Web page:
42. My Subarachnoid haemorrhage happened on 26th Feb, I was at work and all of a sudden had the worst headache imaginable. I managed to get outside where I was met by my husband ( who works at same place) and 2 of the shift managers, all I could do is clench the back of my head and neck, my throat felt like it was closing up and I remember I was crying. My managers told my husband to take me straight to the hospital which is what he did. Owing to covid restrictions he wasn't allowed past a&e car park and was told to go home. I was left alone, in pain and frightened. It took an hour and half to be seen by the triage nurse who gave me 2 x paracetamol, and although my BP was through the roof told me it was probably a migraine and to wait back in the waiting room. At this point I was questioning my own symptoms and thinking how stupid I'm gonna look going back to work and telling them I had a migraine at the same time the lights and the sounds of people talking were driving me insane. 4 hours later ( total of 5 1/2) to see the doctor. I was called in and as soon as I told the doctor what happened I was straight down for a CT scan where it was confirmed I had a bleed. I was awaiting transfer to another hospital which specialises in neuroscience but to be accepted had to have a negative covid test. After having 2 covid tests as the first test was a normal test which results could take 48 hrs and I was supposed to have a fast track test so I could start treatment that I needed, and waiting for transport (first lot of transport refused to take me because of the diagnosis as the wrong hospital transport was first booked) I eventually made the neuroscience high dependency ward 24hours after I initially got to a&e. The care I received there was fantastic, I was on complete bed rest laid flat on my back and catheterised from the minute I arrived, this was all overwhelming as at the previous hospital I was able to walk around, go to the bathroom independently basically just waiting and using up a trolley until I was transferred. I was taken for another CT scan and had an angiogram which showed no aneurysm. Consultant said it was a spontaneous bleed with no known cause. After 10 days in hospital I was discharged, it's still early days but I was expecting to be better by now, the fatigue is immense and even though I was warned about the after effects I'm still quite shocked how debilitating the tiredness and the continued headaches are. My short term memory is shocking and I can't concentrate for long. I'm hoping this doesn't continue for too much longer as I need to get back to work to earn money, I'm getting SSP at the moment which is not sustainable for too long. I'm glad I came across this forum, reading about other people's experience has put my mind at rest as I was worried about the continuing symptoms but realise I'm on a long load to recovery and realise it's not a race to get better and that I need to listen to my body.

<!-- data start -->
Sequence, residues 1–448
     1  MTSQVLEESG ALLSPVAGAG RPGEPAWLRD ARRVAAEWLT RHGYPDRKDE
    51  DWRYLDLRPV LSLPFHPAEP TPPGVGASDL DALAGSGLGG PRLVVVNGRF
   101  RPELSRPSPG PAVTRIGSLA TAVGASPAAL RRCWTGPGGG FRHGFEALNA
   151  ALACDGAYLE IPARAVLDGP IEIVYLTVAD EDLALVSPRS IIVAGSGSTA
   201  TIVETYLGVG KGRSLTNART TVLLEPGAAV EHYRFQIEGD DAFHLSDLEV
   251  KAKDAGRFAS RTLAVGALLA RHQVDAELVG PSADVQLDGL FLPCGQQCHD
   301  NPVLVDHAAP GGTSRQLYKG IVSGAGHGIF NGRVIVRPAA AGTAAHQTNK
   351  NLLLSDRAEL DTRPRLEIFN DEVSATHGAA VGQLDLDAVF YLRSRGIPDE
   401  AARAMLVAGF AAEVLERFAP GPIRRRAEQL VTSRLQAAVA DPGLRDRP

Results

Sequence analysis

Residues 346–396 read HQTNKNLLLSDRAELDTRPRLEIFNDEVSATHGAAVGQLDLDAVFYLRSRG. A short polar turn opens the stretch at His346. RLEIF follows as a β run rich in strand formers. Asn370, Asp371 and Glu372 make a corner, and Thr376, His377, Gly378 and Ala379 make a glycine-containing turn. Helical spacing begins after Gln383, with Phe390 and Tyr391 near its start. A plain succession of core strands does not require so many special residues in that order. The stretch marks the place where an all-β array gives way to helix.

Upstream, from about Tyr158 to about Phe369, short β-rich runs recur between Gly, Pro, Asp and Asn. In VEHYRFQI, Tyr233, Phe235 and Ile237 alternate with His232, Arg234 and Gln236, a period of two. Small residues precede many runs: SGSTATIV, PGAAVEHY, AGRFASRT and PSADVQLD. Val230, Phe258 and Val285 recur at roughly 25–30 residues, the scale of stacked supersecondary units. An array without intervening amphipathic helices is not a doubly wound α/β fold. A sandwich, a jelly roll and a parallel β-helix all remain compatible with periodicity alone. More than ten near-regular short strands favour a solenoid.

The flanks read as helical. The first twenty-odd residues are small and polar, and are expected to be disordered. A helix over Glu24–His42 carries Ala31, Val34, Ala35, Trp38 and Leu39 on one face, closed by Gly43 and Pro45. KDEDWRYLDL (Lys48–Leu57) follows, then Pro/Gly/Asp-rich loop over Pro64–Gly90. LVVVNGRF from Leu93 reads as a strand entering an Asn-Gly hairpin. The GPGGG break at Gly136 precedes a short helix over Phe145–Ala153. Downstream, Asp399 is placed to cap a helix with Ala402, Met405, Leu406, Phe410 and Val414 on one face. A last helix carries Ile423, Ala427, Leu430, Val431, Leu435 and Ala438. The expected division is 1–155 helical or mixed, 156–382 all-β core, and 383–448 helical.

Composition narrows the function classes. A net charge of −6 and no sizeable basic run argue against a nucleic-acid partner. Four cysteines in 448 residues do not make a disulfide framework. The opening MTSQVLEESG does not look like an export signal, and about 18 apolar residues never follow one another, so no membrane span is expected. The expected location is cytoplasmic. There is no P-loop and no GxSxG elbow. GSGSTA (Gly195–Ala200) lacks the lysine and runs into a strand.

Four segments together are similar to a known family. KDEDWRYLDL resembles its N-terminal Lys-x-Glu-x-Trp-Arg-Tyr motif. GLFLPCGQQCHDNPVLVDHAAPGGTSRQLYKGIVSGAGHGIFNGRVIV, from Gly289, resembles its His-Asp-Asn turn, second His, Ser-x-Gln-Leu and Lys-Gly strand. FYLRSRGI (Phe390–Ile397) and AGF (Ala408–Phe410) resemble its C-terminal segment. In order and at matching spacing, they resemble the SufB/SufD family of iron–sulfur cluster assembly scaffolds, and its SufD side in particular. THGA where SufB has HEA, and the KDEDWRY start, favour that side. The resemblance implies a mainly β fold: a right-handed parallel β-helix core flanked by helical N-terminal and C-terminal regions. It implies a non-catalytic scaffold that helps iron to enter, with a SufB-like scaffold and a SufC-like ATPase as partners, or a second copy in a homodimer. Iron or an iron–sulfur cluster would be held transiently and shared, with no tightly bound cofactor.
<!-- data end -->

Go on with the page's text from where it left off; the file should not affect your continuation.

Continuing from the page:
6 points
  43. I had the Pfizer vaccine on Tuesday, my arm was very painful that evening & Wednesday morning, I then developed a headache that was really intense & painful but after about 6 hours it was like a switch was flicked and it vanished completely & since then I've felt fine. The vaccination centre we're really good at explaining what might happen & also who to call if we were worried but definitely talk to your doctor and the staff at the centre. Even feeling as rough as I did it is worth it not to catch Covid
    6 points
  44. Agree with what Karen says. I'd just add that the first year after my bleed I went for a lie down/snooze every day from 6pm to 7pm. Definitely the quiet and dark is good for resetting things.
    6 points
  45. A fantastic legacy in honour of a fantastic man who has left a huge hole in so many lives xxx
    6 points
  46. Hello from Compostc 66year old male had my Sar 21 07 2012. I got my iPad this year so am just learning. Wish i had it 8 year ago This site would have helped me a lot back then. I can’t fault the hospital treatment and care but once discharged I was just left to get on with it. I think I’m still getting better though I still do to much . never seem to learn
    6 points
  47. Hi JH A very bizarre sequence indeed. As Tina said, your mum is in the best place and I'm sure the Drs will be doing everything they can to find out what has happened. We cannot give medical advice here, but we can offer support and experience. All I can personally deduce from this is that your mum has had a NASAH (and that is not to say I'm right and is something you MUST ask her specialists) - which is rip/rupture/tear of an artery wall without the aneurysm. There is a section on this forum for NASAH and it might be worth you having a look around the posts in there to see if you can find any similarities to your mum - though I'm not sure we have had this sequence of events before. I'd make a list of questions in a notebook as you think of them and ask the Drs when you see them - also write down the answers they give. It'll act a good reference for you as I can imagine that a lot of what you're being told will either be baffling or won't be remembered - and that's perfectly normal given the stress that you will all be under at the moment. Please feel free to look around this forum for comfort or reassurance, and remember to look after yourself too. Take care, and fingers crossed that your mum recovers well xx
    6 points
  48. Great advice Chris. It stopped me being paranoid about it happening again and really helped me in my early days of recovery. Brian.
    6 points
  49. Thanks everyone can't believe how long it has been xxx My eldest actually came to tesco today to have lunch with me and bought me some sweets for afternoon shift bless him xxx
    6 points
  50. Thank you all so much for your replies. Your support is massively appreciated
    6 points